Springfield — Placed at a buffet of various fishes, the largemouth bass appears to have a surprising preference.
Old ‘big mouth’ likes to dine on old ‘big head.’
This we learn from a unique study led by the Illinois Natural History Survey and the University of Illinois, which tested the bass’ dietary decisions by placing it in experimental pools with shad, bluegills, shiner and two species of Asian carp – the bighead carp and the silver carp.
The bass ate more bighead carp than any of the other species of fish.
INHS graduate student Eric Sanft presented a review of the study, titled “Vulnerability of Juvenile Asian Carp to Predation by Largemouth Bass,” during the Midwest Fish and Wildlife meetings held recently in Indianapolis. Sanft, who did the research while working under Dr. David Wahl of INHS, was particularly interested if largemouth bass had a leaning toward one species of Asian carp or the other. As suggested, he found that bighead carp are more susceptible to predation.
Efforts to stem growing Asian carp populations have led many biologists and scientists to look at predator fish as a source of control. An ongoing study at Western Illinois University has been looking at blue catfish as a possible predator that could feast on Asian carp and help solve the over-population problem.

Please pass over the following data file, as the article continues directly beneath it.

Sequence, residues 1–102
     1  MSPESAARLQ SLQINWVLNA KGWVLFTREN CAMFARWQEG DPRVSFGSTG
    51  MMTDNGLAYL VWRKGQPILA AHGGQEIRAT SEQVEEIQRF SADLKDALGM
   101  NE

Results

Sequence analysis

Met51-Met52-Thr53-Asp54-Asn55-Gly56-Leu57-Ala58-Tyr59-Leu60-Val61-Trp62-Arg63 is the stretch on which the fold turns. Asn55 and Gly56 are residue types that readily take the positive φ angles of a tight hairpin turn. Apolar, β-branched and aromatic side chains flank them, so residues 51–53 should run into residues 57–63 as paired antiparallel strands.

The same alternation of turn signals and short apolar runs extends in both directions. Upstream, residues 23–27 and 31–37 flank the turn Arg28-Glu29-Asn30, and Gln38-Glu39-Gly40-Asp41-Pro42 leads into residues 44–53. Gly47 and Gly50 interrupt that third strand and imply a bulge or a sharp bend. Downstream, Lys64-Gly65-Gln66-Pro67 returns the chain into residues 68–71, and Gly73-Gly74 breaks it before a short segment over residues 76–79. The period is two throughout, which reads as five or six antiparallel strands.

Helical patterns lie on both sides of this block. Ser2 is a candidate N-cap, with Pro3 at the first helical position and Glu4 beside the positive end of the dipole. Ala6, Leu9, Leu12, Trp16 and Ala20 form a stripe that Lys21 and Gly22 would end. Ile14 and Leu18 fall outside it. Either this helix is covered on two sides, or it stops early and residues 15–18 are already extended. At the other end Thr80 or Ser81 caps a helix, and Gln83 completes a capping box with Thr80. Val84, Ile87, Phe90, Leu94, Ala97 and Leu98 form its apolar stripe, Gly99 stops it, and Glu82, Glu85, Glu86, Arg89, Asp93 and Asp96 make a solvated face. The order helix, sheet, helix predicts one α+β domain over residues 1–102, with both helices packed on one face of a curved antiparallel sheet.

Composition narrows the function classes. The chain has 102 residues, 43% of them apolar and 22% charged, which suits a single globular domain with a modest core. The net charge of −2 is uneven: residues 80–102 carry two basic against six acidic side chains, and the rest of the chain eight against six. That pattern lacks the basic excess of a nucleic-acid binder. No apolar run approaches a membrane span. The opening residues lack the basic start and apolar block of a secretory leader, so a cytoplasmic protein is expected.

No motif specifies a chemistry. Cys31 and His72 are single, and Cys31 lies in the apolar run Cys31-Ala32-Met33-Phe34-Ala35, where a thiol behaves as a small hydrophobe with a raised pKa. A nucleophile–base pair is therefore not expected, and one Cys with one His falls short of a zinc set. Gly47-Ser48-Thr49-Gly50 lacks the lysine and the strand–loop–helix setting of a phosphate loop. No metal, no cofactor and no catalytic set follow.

According to scientists, there are no North American fishes large enough to eat an adult Asian carp. White pelicans and eagles, however, have been seen feeding on juvenile or smaller adult Asian carp.
It had been suggested that largemouth bass have been observed feeding on small juvenile Asian carp, and many other native predators probably also feed on them before they grow too large. However, Asian carp produce many offspring which grow quickly.
INHS surveys have shown that in some stretches of the Illinois River, at least seven native fish are preying on Asian carp. Yet these same stretches have some of the highest densities of silver carp recorded anywhere in the world.
The fact that bass seem to prefer bighead carp to silver carp may help to explain why silver carp have been more successful at colonizing in the Illinois and other Midwest rivers, Sanft pointed out, adding that young silver carp appear to be a bit more “street-smart” than young bighead carp.
Bighead carp and silver carp are also invasive throughout much of the Mississippi River system and are threatening to invade the Great Lakes.